Then one day the site director walked into the kitchen, there was an issue she wanted to discuss. I didn’t work directly for her, we were contracted, but she was the client. Inviting her into my office, we sat down.

She took no time getting to the issue informing me that some residents had been seen enjoying two milks at meal time. This was forbidden, there were cost constraints. When I asked what she would like me to do, she explained. “Chris, I would like to see you at the end of the buffet making sure that only one milk carton is taken.” There was a small help yourself reach in cooler at the end of the meal counter. Many residents didn’t take any at all, but those who took two had gotten under her skin as wasteful.

Image by Kurious from Pixabay

That man is as hateful to me as the Gates of Hades, who hides one thing in his heart and says another. — Homer

Getting Pushed Ever Closer

My brain began to crunch the numbers, how much a did half pint carton of milk cost back then. It was pennies, plus we had anticipated the costs of each person taking one milk. Half were taking none, so half could take two and all would be well.

Very few were taking two. I smiled and complied thinking she would rarely be around to see if indeed I was policing the milk.

I was wrong.

She was there the next day checking and was intent on my compliance with her wish. Something welled up inside me as I tried to find a way to appease her. It was a non issue to me, and there was simply no way I was going to be taking from and scolding a human soul who had made it 90 years on this earth.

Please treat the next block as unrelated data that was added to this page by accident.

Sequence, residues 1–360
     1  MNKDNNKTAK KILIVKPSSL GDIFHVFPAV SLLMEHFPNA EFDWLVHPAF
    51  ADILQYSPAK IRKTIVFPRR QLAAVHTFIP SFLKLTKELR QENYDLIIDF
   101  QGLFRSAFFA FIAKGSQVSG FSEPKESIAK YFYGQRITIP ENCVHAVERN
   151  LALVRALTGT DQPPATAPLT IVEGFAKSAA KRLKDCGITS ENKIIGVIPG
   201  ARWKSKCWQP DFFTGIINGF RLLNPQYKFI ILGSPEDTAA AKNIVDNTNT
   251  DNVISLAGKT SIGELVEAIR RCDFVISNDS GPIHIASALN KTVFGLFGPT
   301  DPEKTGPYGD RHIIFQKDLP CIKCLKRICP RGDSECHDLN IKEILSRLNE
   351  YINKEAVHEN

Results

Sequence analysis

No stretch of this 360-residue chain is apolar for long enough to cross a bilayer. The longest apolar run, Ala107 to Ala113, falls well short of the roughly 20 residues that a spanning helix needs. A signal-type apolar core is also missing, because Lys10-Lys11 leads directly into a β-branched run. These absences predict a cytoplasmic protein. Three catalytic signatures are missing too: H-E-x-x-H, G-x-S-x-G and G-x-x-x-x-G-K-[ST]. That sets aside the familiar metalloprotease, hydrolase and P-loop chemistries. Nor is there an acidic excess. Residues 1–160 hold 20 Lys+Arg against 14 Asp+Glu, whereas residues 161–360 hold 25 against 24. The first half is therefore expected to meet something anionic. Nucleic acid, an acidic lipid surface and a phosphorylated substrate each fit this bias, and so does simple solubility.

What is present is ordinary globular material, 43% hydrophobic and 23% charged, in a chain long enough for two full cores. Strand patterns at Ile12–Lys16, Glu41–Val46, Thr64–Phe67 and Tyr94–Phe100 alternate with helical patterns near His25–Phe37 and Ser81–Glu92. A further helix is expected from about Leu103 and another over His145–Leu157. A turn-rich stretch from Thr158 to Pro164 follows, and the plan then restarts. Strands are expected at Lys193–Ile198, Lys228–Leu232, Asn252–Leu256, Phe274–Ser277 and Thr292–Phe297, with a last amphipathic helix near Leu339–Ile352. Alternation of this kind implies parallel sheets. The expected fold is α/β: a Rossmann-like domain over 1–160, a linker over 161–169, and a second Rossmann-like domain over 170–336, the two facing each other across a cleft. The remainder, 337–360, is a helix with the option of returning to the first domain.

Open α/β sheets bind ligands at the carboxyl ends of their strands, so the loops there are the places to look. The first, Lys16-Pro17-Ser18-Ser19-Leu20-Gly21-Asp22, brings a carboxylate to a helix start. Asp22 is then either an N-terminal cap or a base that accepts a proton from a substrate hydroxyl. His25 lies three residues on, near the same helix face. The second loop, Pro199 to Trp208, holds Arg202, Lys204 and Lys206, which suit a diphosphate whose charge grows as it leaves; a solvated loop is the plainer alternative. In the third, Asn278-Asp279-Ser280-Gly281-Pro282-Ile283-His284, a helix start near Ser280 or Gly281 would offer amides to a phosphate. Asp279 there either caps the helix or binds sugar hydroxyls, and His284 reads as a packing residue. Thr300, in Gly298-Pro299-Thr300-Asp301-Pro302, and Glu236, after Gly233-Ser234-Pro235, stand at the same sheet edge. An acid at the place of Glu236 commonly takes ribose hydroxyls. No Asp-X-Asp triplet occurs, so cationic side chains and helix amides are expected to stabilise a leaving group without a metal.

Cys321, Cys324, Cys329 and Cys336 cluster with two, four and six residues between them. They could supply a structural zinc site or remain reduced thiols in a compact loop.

I would give whatever was asked for, if it would help one person feel more satiated and happy leaving my dining room.

She would not be swayed, and I wasn’t doing it, time to bum again. Low on cash, fear about the future was creeping in on me.

Image by Lothar Dieterich from Pixabay

There is an enormous number of managers who have retired on the job. — Peter Drucker

At a Fork in the Road

For me, knowing change is needed, but not being clear on what it is, brings discomfort.

Looking back now, something had cracked open in my thinking. New possibilities were about to appear in my viewfinder.

Deciding a little recovery was needed, I took a few days off and drove down to Washington DC. I was interested in all the history and amazing architecture. On the drive down from Philadelphia, I heard some news on the radio. The Klu Klux Clan had scheduled a rally through downtown, ending on the capital building steps.

My minds eye made an image instantaneously, even though I had never seen a clansman in person, or at the capital. My imagination posed The Grand Imperial Wizard adorned in his white robe and headdress, standing on marble steps with the capital dome behind him.

Chicago Sun Times file photo

One of the most important things that I have learned in my 57 years is that life is all about choices. On every journey you take, you face choices. At every fork in the road, you make a choice. And it is those decisions that shape our lives. — Mike DeWine